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Bivouac

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The death of a Jamaican man’s father raises questions about the father’s political endeavors, and about the plight of 1980s Jamaica.

Forthcoming: 4/2/19

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What people are saying…

“Dawes examines the complicated terrain of grief with uncanny insight and spare, lucid prose. What unfolds is a story about a man, a family, and a country searching for answers and new hope.”
—Maaza Mengiste, author of Beneath the Lion’s Gaze

Bivouac speaks in tongues so that the reader hears both the market and the courtroom, the orchestra of ancestral voices and the tone of individual conscience. Kwame Dawes’s novel laughs and mourns, claps hands for the inventive communal spirit and wrings those same hands as a result of political malfeasance.”
—Fred D’Aguiar, author of Feeding the Ghosts

“Kwame Dawes brings the beauty and subtle rhythms of his poetic voice to this moving, dreamlike novel where the past intercedes on the present. A deep pleasure to read and savor.”
—Bernardine Evaristo, author of Mr. Loverman

“Dawes’s novel is a poetic patchwork of waiting, of sliding into the past, casting into the future, but mostly of slow, sensorial limbo in the present . . . Dawes exercises significant stylistic restrain . . . so that his flourishes appear like musical interludes, culminating in a final explosion of style and imagination that overwhelms the initial questions the story raises.”
Maple Tree Literary Supplement

Bivouac is Kwame Dawes’s dark novel about death, politics, family, and sex in a Jamaica that has a ‘scarcely understood sense of temporariness and dislocation,’ with dialogue that puts you right onto the streets of Kingston.”
New West Indian Guide


Description

When Ferron Morgan’s father dies in suspicious circumstances, his trauma is exacerbated by the conflict within his family and his father’s friends over whether the death was the result of medical negligence or if it was a political assassination. Ferron has lived in awe of his father’s radical political endeavors but is forced to admit that, with the resurgence of the political right in the Caribbean in the 1980s, his father had lost faith, and was “already dead to everything that had meaning for him.”

Ferron’s response to the death is further complicated by guilt, particularly over his recent failure to protect his fiancée, Dolores, from a brutal rape. He begins, though, to investigate the direction of his life with great intensity, in particular to confront his instinct to keep moving on and running from trouble.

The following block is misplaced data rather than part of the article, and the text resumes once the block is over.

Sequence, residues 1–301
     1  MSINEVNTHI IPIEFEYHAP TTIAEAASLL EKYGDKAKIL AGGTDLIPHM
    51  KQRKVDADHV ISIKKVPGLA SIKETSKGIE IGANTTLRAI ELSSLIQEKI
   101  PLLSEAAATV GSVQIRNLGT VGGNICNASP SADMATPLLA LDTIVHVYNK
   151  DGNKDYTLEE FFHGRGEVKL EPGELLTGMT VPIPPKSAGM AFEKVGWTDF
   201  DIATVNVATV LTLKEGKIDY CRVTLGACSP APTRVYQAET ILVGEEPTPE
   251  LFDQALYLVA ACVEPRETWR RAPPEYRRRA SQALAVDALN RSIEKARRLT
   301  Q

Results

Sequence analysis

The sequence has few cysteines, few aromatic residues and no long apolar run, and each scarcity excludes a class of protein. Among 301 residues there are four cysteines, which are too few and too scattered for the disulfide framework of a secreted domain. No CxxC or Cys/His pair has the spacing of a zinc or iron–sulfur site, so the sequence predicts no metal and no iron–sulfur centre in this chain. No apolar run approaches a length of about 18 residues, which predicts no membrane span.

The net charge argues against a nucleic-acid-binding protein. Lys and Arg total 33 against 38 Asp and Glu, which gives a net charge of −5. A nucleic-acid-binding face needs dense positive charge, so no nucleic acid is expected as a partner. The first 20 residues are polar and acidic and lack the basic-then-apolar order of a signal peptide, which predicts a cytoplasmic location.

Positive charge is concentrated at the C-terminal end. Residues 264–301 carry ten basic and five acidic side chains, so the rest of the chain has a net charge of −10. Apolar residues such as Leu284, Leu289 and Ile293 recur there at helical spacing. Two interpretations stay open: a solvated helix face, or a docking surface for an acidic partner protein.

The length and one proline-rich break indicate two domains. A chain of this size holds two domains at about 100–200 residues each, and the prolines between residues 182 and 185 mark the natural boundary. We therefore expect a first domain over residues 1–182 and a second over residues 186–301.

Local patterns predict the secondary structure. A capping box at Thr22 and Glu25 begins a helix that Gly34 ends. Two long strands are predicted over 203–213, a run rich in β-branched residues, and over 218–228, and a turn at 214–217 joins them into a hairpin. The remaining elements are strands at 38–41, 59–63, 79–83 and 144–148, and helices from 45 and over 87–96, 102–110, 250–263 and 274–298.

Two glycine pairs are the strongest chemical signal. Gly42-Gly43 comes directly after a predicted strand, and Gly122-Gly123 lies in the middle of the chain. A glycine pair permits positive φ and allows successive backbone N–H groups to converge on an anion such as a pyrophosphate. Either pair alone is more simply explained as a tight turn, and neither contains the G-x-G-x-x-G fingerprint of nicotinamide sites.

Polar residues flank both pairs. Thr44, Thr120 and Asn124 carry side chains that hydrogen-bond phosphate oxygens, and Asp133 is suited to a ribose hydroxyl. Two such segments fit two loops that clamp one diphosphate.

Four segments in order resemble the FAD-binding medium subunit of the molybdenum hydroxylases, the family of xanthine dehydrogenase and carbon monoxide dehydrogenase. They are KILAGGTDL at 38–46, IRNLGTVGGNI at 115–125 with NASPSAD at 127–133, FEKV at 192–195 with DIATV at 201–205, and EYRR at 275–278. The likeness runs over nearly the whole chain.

This is a sharply focused portrayal of Jamaica at a tipping point in its recent past, in which the private grief and trauma condenses a whole society’s scarcely understood sense of temporariness and dislocation. For both Ferron and the society there has been the loss of “the corpse of one’s origins,” and the novel points to the need to find a way back before there can be a movement forward.

Congratulations to Kwame Dawes, who has been named Honorary Fellow of The Royal Society of Literature! We are honored to have multiple titles by Kwame on our list, including the forthcoming Bivouac, which will release in April 2019—stay tuned for more!


Book Details

  • Paperback: 248 pages
  • Published: 4/2/19
  • IBSN: 9781617757105
  • e-IBSN: 9781617757204

Author

KWAME DAWES is the author of twenty-one books of poetry and numerous other books of fiction, criticism, and essays. In 2016, his book Speak from Here to There, a cowritten collection of verse with Australian poet John Kinsella, was released along with When the Rewards Can Be So Great: Essays on Writing and the Writing Life, which Dawes edited. His most recent collection, City of Bones: A Testament, was published in 2017. His awards include the Forward Poetry Prize, the Hollis Summers Poetry Prize, the Musgrave Silver Medal, several Pushcart Prizes, the Barnes & Nobles Writers for Writers Award, and an Emmy Award. He is Glenna Luschei Editor of Prairie Schooner and is Chancellor Professor of English at the University of Nebraska. Dawes serves as the associate poetry editor for Peepal Tree Press and is director of the African Poetry Book Fund. He is series editor of the African Poetry Book Series—the latest of which is New-Generation African Poets: A Chapbook Box Set: Sita—and artistic director of the Calabash International Literary Festival. In 2018, he was elected a chancellor of the Academy of American Poets. Bivouac is his latest work published by Akashic.

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